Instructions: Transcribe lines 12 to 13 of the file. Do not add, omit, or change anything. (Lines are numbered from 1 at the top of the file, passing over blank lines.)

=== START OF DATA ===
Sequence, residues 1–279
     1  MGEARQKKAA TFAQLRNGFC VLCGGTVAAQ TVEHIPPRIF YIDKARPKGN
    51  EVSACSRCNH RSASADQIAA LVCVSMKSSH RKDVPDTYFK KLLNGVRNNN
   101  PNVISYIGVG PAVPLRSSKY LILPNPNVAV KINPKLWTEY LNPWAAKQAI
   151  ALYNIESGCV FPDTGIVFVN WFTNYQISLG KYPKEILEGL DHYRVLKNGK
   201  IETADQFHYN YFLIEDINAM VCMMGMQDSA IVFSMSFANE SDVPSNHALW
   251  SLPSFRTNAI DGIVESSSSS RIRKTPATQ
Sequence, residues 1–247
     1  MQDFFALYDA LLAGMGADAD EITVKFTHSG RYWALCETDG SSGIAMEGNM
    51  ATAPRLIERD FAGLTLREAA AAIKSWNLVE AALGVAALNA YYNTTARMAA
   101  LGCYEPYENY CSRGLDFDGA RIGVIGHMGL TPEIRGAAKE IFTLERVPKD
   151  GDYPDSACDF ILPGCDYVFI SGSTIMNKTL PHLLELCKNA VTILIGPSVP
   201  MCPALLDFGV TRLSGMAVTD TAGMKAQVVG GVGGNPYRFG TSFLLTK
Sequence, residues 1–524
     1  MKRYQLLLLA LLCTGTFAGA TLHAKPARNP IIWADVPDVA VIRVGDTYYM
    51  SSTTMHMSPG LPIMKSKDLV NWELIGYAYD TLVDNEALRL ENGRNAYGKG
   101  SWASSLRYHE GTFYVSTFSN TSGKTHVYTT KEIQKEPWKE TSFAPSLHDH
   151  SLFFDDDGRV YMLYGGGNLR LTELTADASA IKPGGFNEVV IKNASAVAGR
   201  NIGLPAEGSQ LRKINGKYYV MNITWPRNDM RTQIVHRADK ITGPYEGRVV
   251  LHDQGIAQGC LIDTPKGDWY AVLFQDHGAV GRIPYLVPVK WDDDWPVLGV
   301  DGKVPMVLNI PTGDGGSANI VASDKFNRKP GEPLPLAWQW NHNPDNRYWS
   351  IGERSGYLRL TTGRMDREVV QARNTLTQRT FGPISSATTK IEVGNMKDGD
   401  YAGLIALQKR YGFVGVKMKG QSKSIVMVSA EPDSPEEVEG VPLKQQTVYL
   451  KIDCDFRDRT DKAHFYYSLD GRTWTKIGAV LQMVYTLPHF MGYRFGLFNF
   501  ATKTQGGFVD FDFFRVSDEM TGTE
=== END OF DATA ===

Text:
   151  GDYPDSACDF ILPGCDYVFI SGSTIMNKTL PHLLELCKNA VTILIGPSVP
   201  MCPALLDFGV TRLSGMAVTD TAGMKAQVVG GVGGNPYRFG TSFLLTK